1959                          Cancellation  of the  Parndana  shed  extension  and  partitioning  for improved September                                 facilities (decided finally only in November 1961  that the shed would not be           needed).

                                 Mr. G.A. Mack, Chief Inspector of Apiaries, sent his two-page report on     'Suggested Apicultural Research' (3 September 1959) to the Director of

                                 Agriculture.

 

 

1960                          On 16 May 1960 the Director of Agriculture recommended closure of the    Ligurian Bee Project on Kangaroo Island.

                                 Letter from the Department, 6 June 1960, to the Flora and Fauna Board and to       all apiary employees notifying them of the intended changes at Parndana, and            advising that the future of the Ligurian Bee Project will soon be decided.

                                 Receipt of Brother Adam's report dated 24 June, and report, 23 July 1960, from     the National Agricultural Advisory Service, Rothamsted Lodge, Harpenden,    Hertfordshire, on matters on the Ligurian bee raised by Doull.                                

 

1960                          Calls for disposal of bee equipment at Parndana; and 25 department hives were August     transferred to the Waite Institute, Urrbrae.

                                 Suggested re-organisation of the bee breeding program set out by Marshall R.       Irving, Chief, Division of Animal Industry, Department of Agriculture.

 

1962                          Director of Agriculture suggests transferring all the Parndana equipment then on March       the mainland to the Waite Institute and offers the services of J.D. Purdie to work         with Dr. Keith Doull, entomologist, Waite Institute, after Doull's return from his        overseas study of bee diseases, pollination, and the physiology of egg production.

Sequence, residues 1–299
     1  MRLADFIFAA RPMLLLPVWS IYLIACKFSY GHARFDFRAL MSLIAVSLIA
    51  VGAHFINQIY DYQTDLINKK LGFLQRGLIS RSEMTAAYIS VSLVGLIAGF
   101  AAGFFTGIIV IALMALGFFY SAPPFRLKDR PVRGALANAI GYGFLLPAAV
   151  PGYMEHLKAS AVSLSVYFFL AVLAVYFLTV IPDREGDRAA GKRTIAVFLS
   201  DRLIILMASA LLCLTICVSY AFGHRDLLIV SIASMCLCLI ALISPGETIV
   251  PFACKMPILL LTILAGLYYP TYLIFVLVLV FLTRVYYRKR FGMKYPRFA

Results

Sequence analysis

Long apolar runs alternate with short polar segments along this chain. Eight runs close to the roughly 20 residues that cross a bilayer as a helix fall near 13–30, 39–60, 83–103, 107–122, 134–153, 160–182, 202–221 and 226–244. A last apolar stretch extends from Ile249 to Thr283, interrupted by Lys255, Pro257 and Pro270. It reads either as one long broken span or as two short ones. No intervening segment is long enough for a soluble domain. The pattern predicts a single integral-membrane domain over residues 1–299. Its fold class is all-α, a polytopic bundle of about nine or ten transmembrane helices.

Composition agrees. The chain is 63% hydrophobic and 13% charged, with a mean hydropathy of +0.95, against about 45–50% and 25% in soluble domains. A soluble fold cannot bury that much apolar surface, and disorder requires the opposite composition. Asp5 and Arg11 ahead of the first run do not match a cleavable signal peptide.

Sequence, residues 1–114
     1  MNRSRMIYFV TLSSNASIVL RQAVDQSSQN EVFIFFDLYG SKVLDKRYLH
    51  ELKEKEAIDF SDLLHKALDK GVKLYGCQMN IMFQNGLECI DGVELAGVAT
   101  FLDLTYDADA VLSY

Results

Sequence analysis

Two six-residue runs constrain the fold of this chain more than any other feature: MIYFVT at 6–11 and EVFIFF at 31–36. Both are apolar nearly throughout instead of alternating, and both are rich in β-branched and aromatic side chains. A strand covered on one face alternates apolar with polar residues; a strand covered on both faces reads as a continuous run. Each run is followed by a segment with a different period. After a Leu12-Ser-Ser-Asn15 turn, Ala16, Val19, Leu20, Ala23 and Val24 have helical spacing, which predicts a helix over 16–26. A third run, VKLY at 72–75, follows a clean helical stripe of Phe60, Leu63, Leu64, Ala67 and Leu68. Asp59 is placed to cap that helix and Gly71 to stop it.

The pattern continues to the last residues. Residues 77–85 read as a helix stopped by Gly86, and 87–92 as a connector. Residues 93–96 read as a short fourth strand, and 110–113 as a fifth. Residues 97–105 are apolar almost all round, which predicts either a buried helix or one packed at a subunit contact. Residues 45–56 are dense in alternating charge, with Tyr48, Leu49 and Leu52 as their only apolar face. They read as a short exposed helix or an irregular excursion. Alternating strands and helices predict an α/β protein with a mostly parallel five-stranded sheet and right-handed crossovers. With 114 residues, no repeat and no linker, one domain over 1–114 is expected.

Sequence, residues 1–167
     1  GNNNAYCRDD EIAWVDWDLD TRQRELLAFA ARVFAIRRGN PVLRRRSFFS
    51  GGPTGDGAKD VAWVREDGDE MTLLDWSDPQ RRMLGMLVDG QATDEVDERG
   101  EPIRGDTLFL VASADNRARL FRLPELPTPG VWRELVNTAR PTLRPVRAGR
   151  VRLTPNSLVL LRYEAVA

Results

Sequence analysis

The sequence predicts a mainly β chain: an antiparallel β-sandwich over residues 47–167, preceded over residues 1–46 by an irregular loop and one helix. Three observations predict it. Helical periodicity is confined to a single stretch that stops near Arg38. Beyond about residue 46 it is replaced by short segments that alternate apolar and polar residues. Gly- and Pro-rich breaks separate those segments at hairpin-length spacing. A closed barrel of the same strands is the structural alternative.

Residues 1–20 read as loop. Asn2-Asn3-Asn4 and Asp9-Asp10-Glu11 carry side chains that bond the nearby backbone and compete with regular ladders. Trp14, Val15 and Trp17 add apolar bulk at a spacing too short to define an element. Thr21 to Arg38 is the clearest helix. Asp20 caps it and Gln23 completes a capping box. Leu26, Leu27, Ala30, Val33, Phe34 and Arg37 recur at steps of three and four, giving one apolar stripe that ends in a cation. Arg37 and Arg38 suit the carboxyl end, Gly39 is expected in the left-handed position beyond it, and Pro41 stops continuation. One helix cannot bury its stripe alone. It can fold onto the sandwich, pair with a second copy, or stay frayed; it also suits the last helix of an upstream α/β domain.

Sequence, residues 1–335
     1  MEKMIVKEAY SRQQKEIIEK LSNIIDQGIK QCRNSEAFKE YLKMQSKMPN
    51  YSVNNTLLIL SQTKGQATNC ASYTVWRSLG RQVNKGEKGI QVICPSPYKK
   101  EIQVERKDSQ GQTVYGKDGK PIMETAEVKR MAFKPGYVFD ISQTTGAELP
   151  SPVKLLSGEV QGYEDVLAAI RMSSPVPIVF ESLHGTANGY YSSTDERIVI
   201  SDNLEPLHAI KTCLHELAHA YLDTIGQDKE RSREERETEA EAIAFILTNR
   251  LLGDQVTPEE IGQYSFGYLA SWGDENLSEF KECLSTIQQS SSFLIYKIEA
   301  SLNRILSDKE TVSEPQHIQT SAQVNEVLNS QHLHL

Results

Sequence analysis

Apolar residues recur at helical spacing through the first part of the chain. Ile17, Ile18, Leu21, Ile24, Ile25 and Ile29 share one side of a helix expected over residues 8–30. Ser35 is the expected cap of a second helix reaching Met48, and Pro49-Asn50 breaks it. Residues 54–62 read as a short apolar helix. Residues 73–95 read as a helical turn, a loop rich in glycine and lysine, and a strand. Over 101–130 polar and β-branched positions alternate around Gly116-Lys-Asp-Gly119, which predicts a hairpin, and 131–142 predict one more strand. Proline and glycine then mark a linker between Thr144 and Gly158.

J.D. Purdie to work from 1 May 1962 at the Waite Institute with Keith Doull.

 

1972                          On 3 July 1972, the entire responsibility and assets of the Fauna and Flora

                                 Board were placed under the control of the Department of Environment and

                                 Conservation, which thereby acknowledged ownership and subsequent      registration of the hives moved from Parndana to Flinders Chase.

 

1973                          In December, Professor J. Woyke, Head, Bee Division of the Agricultural   University, Warsaw, Poland, took up a University of Adelaide Research         Fellowship in genetics, focusing on the Ligurian bee. Woyke examined about 10                              per cent of Kangaroo Island commercial hives. At that time there were some 300    hived colonies on the Island.

 

1974                          Mr. G.A. Lonzar, Ranger, reported that the government hives at Flinders Chase

                                 had died out and only six hives registered in his name remained.

 

1975                          P.R. Harvey, Chief Veterinary Officer, proposed a rebirth of the Kangaroo Island

June                          Ligurian bee gene pool by arrangement with commercial apiarists on Kangaroo

                                 Island.